SELECT distinct wp_posts.post_title
FROM MYDBNAME.wp_posts wp_posts –replace MYDBNAME with the name of your MySQL WordPress Database
WHERE (wp_posts.post_content LIKE ‘%CLICK HERE</A>%’)

This returned only two posts for me to work on. The ‘trick’ here was I assumed that my ‘Click Here’ hyperlink text would be immediately followed by the HTML ‘A’ tag being closed.

Now instead of clicking through a few dozen posts, I can concentrate on the 2-3 posts that I ‘messed up’ on.

Thanks again Lisa!

PS A Couple of Notes

  • I have the ‘Database’ WP Plug-In that works great for doing backups and general maintenance. I’m all for WP plug-ins and not re-inventing the wheel if possible. However, the query interface only supports INSERT-UPDATE-DELETE. So no go.
  • To connect to my hosted MySQL database from my PC, I had to add my IP to my trusted zone in my hosting service admin page
  • To see some of the data returned by Toad, I had to enable an option to retrieve large objects from the queries

I'm a Distinguished Product Manager at Oracle. My mission is to help you and your company be more efficient with our database tools.


  1. Hi Jeff!

    nice writeup 🙂

    Just noticed one thing:

    WHERE (upper(wp_posts.post_content) LIKE ‘%CLICK HERE%’)

    The upper function uppercases the text,

    I am not familiar with the wp database schema, but typically, in mysql text and varchar columns would use a case-insensitive collation by default. So, even without uppering the column contents you should be able to use LIKE.

    In this particular case, it should be a little bit faster to not use upper although I don’t expect a lot from it. But for indexed columns and queries that do not use a wildcard at the start of the LIKE pattern, it could mean a lot of performance gain, since applying a function on a column would prevent MySQL from using an index on that column.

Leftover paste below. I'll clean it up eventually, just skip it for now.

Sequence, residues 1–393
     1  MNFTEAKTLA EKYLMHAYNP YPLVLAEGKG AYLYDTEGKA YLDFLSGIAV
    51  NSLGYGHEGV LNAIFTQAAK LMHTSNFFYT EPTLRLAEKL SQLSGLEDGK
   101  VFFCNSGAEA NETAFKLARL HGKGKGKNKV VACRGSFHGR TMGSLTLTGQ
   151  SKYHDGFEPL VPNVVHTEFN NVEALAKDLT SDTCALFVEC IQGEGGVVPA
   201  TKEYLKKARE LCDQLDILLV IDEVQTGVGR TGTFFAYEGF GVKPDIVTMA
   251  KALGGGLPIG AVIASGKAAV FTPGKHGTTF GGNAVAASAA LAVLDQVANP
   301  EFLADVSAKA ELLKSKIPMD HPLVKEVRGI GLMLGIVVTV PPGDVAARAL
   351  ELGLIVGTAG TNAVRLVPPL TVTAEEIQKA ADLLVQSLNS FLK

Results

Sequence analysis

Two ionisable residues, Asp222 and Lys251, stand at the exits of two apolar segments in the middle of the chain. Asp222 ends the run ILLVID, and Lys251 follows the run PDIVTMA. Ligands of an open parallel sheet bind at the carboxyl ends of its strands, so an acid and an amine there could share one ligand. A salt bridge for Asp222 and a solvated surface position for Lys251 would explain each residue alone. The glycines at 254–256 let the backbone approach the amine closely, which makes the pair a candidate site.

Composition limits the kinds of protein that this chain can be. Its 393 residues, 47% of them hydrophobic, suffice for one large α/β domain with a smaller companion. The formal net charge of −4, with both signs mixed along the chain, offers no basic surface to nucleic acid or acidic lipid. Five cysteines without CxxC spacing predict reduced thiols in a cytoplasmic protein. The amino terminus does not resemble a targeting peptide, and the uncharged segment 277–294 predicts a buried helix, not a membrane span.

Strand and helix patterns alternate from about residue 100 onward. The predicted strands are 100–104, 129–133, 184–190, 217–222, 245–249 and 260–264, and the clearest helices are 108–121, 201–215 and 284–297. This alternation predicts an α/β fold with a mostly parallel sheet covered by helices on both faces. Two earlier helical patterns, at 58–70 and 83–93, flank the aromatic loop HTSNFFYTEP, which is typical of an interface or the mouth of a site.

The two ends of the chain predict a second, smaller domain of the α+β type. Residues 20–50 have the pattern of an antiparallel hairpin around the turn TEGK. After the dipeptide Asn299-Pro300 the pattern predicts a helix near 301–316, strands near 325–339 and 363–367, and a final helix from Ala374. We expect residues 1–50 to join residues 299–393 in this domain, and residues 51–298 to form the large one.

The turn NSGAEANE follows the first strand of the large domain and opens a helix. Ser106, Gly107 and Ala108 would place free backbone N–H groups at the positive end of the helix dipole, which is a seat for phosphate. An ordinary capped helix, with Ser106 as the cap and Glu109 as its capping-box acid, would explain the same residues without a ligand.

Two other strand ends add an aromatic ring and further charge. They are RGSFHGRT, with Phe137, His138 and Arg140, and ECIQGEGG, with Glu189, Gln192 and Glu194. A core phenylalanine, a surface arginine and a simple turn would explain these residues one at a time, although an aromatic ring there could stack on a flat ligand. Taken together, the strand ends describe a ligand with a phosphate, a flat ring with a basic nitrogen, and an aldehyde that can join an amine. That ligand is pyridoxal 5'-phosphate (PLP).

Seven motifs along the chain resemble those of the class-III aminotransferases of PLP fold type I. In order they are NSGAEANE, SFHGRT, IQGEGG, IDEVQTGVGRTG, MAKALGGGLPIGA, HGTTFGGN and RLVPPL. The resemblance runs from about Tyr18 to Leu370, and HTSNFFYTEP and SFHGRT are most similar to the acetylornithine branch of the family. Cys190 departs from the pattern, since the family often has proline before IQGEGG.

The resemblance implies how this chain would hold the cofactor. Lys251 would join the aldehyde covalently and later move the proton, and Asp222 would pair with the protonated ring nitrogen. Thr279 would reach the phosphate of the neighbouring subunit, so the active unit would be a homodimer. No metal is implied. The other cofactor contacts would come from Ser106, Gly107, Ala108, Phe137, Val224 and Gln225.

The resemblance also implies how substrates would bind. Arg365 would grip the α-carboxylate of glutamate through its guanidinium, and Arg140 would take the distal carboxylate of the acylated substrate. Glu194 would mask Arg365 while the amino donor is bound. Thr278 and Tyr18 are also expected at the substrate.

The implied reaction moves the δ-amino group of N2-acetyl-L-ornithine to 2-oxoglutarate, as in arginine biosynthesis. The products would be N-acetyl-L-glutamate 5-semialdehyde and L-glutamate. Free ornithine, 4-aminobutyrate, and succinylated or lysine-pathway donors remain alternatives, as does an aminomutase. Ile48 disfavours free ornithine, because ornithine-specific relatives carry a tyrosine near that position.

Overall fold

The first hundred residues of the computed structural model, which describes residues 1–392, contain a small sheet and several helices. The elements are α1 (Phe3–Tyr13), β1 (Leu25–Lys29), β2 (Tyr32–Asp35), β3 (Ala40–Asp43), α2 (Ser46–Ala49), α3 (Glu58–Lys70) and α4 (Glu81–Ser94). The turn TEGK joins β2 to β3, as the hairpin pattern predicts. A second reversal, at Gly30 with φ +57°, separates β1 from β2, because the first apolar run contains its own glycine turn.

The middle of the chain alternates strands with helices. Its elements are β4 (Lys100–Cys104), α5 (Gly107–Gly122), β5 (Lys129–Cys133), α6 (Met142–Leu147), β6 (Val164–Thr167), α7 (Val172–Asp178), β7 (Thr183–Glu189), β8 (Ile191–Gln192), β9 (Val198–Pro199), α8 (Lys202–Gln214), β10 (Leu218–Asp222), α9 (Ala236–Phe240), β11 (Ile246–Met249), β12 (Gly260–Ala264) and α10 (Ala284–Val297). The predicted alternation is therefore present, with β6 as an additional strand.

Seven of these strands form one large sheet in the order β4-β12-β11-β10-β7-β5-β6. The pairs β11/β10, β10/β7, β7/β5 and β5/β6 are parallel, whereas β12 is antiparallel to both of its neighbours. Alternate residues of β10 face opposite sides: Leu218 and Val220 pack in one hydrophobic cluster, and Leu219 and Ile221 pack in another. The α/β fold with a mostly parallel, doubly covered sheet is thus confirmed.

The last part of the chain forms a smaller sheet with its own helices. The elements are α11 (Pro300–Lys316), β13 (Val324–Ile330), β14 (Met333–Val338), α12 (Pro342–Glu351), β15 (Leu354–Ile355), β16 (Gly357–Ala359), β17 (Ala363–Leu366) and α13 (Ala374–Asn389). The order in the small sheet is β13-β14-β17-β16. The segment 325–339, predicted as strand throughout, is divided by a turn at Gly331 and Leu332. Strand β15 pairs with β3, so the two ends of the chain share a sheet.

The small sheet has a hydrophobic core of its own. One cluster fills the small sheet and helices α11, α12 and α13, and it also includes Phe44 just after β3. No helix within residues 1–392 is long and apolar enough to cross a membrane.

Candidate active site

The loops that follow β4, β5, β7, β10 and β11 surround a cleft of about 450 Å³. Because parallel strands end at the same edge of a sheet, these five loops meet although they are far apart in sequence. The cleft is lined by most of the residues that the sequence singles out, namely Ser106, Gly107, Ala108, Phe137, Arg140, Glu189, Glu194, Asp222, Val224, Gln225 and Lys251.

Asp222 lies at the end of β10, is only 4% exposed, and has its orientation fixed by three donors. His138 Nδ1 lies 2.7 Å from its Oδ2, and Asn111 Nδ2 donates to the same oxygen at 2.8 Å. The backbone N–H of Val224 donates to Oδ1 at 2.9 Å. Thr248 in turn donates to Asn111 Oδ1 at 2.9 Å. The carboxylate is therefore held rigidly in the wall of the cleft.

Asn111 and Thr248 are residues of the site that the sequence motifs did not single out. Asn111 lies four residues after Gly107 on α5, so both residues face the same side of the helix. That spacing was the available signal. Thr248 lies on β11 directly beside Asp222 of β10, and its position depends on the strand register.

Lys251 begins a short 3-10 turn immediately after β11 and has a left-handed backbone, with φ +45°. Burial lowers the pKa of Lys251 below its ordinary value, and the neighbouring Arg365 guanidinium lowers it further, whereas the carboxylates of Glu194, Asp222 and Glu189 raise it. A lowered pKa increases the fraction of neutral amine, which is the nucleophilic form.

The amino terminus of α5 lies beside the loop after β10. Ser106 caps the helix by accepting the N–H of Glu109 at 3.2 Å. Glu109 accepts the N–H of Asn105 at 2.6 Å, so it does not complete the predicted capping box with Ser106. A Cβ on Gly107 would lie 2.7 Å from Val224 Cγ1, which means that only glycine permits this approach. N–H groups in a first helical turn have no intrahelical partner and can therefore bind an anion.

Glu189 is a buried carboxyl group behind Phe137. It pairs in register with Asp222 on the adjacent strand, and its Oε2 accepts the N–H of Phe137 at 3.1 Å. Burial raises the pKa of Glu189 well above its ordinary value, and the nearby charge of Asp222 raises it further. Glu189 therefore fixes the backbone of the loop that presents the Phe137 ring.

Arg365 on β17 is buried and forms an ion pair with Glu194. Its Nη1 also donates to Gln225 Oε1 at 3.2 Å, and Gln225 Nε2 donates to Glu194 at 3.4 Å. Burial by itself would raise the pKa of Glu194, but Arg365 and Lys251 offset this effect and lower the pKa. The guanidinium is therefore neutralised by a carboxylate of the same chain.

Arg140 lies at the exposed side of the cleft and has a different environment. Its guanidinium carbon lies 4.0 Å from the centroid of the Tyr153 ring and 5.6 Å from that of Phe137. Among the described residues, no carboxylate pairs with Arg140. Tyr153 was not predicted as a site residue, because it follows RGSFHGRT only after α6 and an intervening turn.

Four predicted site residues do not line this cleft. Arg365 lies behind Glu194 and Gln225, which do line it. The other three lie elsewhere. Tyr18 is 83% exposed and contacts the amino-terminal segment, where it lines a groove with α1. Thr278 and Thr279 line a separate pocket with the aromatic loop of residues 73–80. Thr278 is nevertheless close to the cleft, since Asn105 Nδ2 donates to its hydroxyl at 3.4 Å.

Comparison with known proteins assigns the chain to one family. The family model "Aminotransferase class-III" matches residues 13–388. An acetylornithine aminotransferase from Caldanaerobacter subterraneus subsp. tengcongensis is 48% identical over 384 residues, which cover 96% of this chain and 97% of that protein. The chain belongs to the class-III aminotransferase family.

kind regards,


    • JeffS

      Interesting, I didn’t even think about that, just assumed it was case sensitive…that’s my Oracle bias getting in the way.

      Running the query w/o the UPPER() still returns the same results, so you be right 🙂

      On the case collation – what a neat ‘trick’ MySQL, you get a +1 from me. Case Sensitive MySQL

      Thanks Roland, I’ll update the post to reflect that.

  2. Hi Jeff,

    I’ve read that advice before, and I agree with it, but somehow I still use Click Here from time to time – old habits die hard. I’m hesitant to poke around in my database, even though I do nightly backups, so I may just resolve to not use Click Here in the future. 🙂


    • JeffS

      Sometime people tell me it’s hard to find the actual link in my posts – based on the styling or rendering in their browser. So I always used the ‘Click Here’ text, just so it was obvious. So I wonder – do we cater to our readers, or do we cater to the SEO gods in hopes that we gain more readers? Surely there is a way to have both?

      BTW – thanks for taking the time to read and sharing your opinion! It’s cool to have met folks over in EmpireAvenue from completely different interests. Not sure we would have ever crossed paths in the Twitter-verse.